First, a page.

Tips to “Working like a Boss”– Project Management Style
One of the most difficult things I encountered in making the transition to the federal workforce was getting out of the ingrained military mode of being in 1 of 2 camps of productivity:
High Speed Low Drag or High Drag Low Speed
Obviously, the higher the drag, the slower you work, the less productive you “appear.” Making that transition was difficult for me personally because I, well, have always been pretty high speed low drag. It makes the day go faster when I feel productive as I do not like having work hanging around when I can get it done and move onto the next best thing. Throw in a matrix and then now we can start having some fun in figuring out how to beat the work matrix and get the high evaluation on your end of year review.
If you have worked in any federal agency lately then you’ve likely encountered some sort of work matrix. You know, how many days you have to complete certain tasks and if it is not completed in time then likely there are some consequences to your performance goals.
When I first encountered a goal matrix, I thought, how in the world am I supposed to complete all these tasks within the year and manage to get things done well and to top it off have good customer feedback at the same time? You know, it is all wrapped up in this nice neat package of what you should complete without a lot of direction as to how one (management) expects you to get it all done.
To complete that thought, don’t forget you are doing more with less (less people and less time). So what I did, I reverse engineered my work and figured how to back things off like in a project management schedule and then re-established my own goals to complete actions on a monthly or quarterly basis so I could manage my own workload better. Think of it this way – how do you plan a meal? Do you wait until the last hour to put a roast on to cook? No, you buy the roast and get it cooking and then you cook the rest of your meal according to how it will all time out to finish for serving at the same time.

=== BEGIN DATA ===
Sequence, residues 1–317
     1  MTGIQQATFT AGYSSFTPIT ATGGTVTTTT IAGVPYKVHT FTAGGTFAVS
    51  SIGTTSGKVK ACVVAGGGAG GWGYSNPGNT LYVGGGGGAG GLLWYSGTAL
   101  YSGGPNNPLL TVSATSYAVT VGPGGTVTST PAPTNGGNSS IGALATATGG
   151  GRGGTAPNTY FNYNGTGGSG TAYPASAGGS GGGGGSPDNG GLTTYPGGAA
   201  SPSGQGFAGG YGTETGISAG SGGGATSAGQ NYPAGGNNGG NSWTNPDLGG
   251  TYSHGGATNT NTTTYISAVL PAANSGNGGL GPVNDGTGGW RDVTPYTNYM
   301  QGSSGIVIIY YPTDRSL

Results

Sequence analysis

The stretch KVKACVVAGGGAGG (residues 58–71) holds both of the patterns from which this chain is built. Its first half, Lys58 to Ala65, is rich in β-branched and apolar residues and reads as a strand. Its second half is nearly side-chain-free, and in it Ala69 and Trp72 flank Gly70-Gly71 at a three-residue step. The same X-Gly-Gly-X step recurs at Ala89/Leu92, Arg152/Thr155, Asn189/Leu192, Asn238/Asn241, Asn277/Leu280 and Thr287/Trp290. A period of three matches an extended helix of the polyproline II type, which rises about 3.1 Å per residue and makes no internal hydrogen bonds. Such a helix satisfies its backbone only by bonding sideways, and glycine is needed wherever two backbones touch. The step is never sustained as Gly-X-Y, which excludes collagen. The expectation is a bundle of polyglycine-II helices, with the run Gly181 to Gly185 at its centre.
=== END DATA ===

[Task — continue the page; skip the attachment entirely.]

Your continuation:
- Balance your due dates – Take your matrix and figure out how many widgets you have to complete and within what time-frame. If you have say 12 contract offers to complete then the goal is to work on at least 1 per month. I say at least 1 per month because things happen and processes bog down with negotiations so keep at least 2 going each month and work on finishing at least 1 per month.
- Coordinate work hand-offs – Look at your assigned work and see what you can coordinate with the other party to complete on their so that when you are working on a different matrix item then when this part comes back then you’ve already completed something else.
- Don’t ever let the workflow stagnate – it’s like keeping a pot stirred so it comes out with the right consistency. Keep good notes of where things are so that you can follow up with the other part to keep the workflow moving.
- Be effective – Let’s say you are a contracting officer and you are rejecting a modification – provide a complete review with what the deficiencies are so when the modification gets resubmitted then it can be resubmitted once with all the corrections made and the work is not duplicative.
- Be nice – ingratiate your customers – My customers love it when I make them feel important, I’m part of their team too except the federal government is paying me. We are all trying to accomplish the same goals. Serve them well and they and you will be rewarded with a cooperative relationship to get things done right the first time.
Eva Fulton is part of the GovLoop Featured Blogger program, where we feature blog posts by government voices from all across the country (and world!). To see more Featured Blogger posts, click here.
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